I’m not going to stand up on my crate today and rant and rave about the travesties that are happening on a daily, heck monthly basis.
Nope, not going to do it. Rather, I’m going to write it, right here, right now and let each of you know, actually be aware of the sins of the LMS industry.
Sure there will be those who firmly disagree – call it a competition drive – and that is fine, but when each of us, every last one of us, is being placed into the middle of the “competitive” angle, then someone, something must be done.
Sin #1 Pricing
The Pricing Sin is happening in the world right now.
I’m not talking about the seat costs (random numbers BTW), nor the salesperson discretion pricing/commission angle (common in any industry), no, I’m referring to a couple of zingers.
- Undercutting of pricing in the United States
As a consumer this is a win for you. As a vendor though, whether you are based in the states or going into the states (from another country), the price wars await you.
This is especially being seen in the SMB markets, more so than in Enterprise, although it is there too, just not as bad.
You won’t see the price battle at low user counts, rather once you fly into the 1,000-5,000 and then mid-size market of 5,001-9,999 (starts at 1,000 to 9,999, but as an analyst, my breakdown for mid market with SMB (starts at 501 to 5,000).
When you go into this battle it is easy to say, “I can beat that,” and then you do. Next thing you know, the other vendor retorts, “I can beat that” and just like that, as a vendor you are in a war.
The war can end quickly or not, depending on how low you are willing to cut to land the customer. For me it is simple – look at your bottom line.
What is your profit margin?
Can you do this for any customer or is this more about a specific customer? If you are going Blue Ocean strategy here, then undercutting is a way of penetrating the market.
At some point though, you have to stop and start pushing towards profitability.
- Europe or as I call it, the LMS Money Pit
First off not every LMS vendor does what I’m about to tell you, but oh boy, plenty do – and it is not just the big players, it could be mid-size, heck even small size vendors.
I’ve reported in the past the “discretionary” pricing of salespeople in certain countries in Europe, whereas the following happens (and has had happened for a few years)
- Setup fees are higher in Europe than the U.S. (I’ve seen some major price gouging here, especially in Western Europe, by a few vendors)
- User seats are higher than U.S. as a whole (Not universal mind you, so don’t go running or scrambling to find your contract, but again, more than a few, go for it. I should note that there are plenty in the U.S. that charge high, but we are talking as an average between the two continents, okay, Western Europe vs. US)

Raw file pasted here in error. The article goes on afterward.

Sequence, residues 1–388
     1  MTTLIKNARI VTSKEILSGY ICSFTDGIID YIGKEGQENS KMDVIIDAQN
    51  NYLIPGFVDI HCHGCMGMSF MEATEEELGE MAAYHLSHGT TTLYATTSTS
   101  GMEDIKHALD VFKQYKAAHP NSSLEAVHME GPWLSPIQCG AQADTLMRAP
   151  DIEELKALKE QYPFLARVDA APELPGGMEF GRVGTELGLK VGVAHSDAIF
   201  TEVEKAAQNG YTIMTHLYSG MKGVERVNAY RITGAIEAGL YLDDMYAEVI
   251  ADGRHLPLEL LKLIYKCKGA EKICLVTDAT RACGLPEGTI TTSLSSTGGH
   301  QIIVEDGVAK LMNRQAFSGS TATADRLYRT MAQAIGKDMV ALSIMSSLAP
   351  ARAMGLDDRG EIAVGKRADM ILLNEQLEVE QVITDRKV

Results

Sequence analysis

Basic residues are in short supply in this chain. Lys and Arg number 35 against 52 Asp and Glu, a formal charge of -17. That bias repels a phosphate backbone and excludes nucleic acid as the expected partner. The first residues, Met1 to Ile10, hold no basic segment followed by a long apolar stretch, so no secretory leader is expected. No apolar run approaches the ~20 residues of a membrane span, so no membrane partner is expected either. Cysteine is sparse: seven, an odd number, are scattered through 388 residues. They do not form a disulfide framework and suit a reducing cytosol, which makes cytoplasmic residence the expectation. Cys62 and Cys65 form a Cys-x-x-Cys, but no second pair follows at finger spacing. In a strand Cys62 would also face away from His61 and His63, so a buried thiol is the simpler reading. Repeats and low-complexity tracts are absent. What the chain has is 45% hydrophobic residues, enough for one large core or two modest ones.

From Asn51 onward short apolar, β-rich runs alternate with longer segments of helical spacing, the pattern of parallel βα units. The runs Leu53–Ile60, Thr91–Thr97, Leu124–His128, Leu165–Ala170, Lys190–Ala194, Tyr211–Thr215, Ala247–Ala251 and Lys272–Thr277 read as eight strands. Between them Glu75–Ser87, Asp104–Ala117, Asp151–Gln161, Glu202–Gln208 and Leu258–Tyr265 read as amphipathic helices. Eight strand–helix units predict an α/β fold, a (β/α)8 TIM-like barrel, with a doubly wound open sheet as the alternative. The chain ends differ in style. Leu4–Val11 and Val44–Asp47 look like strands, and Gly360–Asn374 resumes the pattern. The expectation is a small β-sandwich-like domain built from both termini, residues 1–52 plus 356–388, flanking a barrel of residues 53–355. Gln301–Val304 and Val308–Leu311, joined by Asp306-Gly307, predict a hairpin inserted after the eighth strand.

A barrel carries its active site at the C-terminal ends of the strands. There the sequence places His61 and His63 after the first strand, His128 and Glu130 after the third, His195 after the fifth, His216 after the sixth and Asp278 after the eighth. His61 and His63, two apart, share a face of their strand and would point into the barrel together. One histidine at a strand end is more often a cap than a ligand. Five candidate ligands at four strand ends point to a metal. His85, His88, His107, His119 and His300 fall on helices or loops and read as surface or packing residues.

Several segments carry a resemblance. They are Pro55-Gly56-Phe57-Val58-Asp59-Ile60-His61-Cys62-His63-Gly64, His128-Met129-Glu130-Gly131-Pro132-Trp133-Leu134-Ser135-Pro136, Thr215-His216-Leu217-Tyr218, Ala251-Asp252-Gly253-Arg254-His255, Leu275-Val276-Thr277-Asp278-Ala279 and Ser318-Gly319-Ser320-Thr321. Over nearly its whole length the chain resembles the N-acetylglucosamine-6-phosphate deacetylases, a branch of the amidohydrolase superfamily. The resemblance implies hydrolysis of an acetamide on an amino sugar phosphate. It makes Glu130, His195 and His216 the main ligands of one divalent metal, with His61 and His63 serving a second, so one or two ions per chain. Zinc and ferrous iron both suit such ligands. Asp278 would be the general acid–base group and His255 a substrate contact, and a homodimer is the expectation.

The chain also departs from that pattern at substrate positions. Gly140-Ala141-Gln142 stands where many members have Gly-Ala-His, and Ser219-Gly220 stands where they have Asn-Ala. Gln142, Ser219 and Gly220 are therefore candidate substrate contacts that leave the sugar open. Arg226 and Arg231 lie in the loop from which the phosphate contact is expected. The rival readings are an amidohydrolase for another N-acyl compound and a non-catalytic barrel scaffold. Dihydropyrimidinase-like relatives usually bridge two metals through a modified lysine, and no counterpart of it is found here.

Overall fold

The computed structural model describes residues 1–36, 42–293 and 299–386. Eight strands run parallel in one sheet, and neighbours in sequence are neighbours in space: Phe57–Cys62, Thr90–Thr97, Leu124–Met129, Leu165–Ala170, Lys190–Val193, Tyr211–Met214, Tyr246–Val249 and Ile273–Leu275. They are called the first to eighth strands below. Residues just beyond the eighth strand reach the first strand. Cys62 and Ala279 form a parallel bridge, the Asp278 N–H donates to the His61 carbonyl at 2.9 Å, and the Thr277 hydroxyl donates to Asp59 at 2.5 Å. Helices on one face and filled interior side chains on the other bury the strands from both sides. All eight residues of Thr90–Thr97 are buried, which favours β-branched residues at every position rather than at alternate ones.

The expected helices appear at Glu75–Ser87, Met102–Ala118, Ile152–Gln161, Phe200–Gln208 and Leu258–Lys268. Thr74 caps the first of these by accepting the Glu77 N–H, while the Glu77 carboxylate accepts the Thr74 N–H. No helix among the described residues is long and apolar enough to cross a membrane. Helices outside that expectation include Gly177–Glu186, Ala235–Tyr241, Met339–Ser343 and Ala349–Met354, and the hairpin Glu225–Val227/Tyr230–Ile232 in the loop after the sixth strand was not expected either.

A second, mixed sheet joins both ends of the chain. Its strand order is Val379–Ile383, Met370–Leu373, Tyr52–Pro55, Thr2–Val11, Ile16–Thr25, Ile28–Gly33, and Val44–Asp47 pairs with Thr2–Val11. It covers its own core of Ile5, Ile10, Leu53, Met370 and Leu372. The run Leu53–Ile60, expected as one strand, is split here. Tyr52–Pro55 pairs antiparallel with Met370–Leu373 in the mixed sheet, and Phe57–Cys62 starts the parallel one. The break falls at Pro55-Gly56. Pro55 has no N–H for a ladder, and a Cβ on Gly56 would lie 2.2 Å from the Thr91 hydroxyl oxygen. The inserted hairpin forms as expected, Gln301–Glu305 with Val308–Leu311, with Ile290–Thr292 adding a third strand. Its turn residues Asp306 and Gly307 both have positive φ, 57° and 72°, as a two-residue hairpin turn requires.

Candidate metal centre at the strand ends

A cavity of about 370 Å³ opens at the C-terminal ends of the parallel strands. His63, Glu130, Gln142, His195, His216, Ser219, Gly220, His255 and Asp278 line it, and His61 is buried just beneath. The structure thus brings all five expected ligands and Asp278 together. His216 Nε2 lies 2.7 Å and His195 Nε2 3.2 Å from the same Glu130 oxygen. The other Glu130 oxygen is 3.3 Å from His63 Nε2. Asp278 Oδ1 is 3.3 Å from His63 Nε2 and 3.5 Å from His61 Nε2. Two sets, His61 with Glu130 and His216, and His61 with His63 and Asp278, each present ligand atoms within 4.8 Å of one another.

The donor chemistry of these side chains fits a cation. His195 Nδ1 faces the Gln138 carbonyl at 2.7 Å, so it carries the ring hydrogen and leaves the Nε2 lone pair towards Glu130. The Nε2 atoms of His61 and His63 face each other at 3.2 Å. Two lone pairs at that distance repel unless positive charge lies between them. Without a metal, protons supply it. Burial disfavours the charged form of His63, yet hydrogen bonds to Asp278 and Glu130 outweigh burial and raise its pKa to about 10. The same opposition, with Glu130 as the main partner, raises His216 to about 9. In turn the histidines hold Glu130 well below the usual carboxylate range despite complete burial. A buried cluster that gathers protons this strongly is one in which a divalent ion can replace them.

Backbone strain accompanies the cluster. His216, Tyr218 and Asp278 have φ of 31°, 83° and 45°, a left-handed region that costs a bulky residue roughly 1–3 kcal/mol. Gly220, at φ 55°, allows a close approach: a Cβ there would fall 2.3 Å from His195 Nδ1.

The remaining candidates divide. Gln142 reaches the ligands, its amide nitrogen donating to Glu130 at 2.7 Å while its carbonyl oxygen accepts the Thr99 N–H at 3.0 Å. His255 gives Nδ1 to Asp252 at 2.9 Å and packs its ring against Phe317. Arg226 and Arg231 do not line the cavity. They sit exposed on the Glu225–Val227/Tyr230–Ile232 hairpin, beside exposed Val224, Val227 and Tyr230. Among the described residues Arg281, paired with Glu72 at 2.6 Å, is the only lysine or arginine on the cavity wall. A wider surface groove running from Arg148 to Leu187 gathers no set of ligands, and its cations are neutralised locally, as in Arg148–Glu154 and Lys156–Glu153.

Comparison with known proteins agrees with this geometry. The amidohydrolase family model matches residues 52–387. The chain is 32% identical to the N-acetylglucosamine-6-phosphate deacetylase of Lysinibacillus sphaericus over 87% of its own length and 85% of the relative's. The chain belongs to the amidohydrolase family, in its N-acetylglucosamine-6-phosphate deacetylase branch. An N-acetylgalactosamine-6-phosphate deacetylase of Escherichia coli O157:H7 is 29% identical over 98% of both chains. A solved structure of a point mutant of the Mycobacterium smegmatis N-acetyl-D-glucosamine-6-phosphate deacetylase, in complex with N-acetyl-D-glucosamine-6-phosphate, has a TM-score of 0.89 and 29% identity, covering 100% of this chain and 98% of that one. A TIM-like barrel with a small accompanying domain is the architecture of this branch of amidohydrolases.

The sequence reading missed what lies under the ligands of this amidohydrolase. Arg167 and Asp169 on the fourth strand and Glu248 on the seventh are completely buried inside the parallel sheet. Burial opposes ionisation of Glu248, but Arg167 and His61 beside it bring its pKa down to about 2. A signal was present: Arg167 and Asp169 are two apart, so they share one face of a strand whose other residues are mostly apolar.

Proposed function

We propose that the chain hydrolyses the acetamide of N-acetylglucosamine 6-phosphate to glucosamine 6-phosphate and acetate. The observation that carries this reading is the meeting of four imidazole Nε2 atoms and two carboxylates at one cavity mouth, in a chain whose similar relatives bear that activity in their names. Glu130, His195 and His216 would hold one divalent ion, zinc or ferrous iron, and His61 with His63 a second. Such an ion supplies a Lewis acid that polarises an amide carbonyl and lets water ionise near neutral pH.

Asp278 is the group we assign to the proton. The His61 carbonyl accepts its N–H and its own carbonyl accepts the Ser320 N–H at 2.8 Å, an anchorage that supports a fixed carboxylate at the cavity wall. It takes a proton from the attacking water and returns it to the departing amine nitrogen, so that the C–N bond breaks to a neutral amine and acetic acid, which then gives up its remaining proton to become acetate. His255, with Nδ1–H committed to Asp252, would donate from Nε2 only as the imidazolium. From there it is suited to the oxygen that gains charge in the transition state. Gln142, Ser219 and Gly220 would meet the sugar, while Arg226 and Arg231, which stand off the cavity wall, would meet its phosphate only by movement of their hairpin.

- You pay more across the board – congrats!
If you are shocked at this, get ready for the blaster shocker of them all – the Money Pit slams into the UK, and yeah a bit into Western Europe and Scandinavian region
You pay for bits and pieces that in the U.S. you couldn’t get away with (although, surprise, surprise, there are UK vendors trying to pull it off – and surprise, surprise getting away with it)
There are LMS vendors charging extra for
- Mobile app – You want to use our mobile app, we charge for it – one-time fee or yearly fee
- Multi-Tenant – Each child or a few children are fee based – (I know of one UK vendor pulling this neat trick in the United States, just a side note here). Might be one-time or a yearly fee. Multi-tenant children should always be free. This is also known as Extended Enterprise (i.e. multi-tenant)
- White label – What? You don’t want our wonderful name on this? (This is also seen with many US vendors in the US too, but for whatever reason, seems more popular in the UK)
- Extras – Whatever it might be, if a vendor can pull it off, it seems they are doing it more so in the UK, followed by Western Europe.
- Setup – Tends to be higher versus the same seat numbers by the same vendor in the U.S.
You could argue that all of this is the salesperson discretion in combination with the LMS vendor allowing it, and you would be absolutely correct. Nevertheless, it still stinks, unless you enjoy living on an LMS landfill.
Should note that the price gouge in happening in all parts of the world. But in APAC at this time, I’m not seeing the zingers of above. Good news there, but seat pricing is still in the “if we can do it” phase, which is part of the LMS landscape for over 16 years.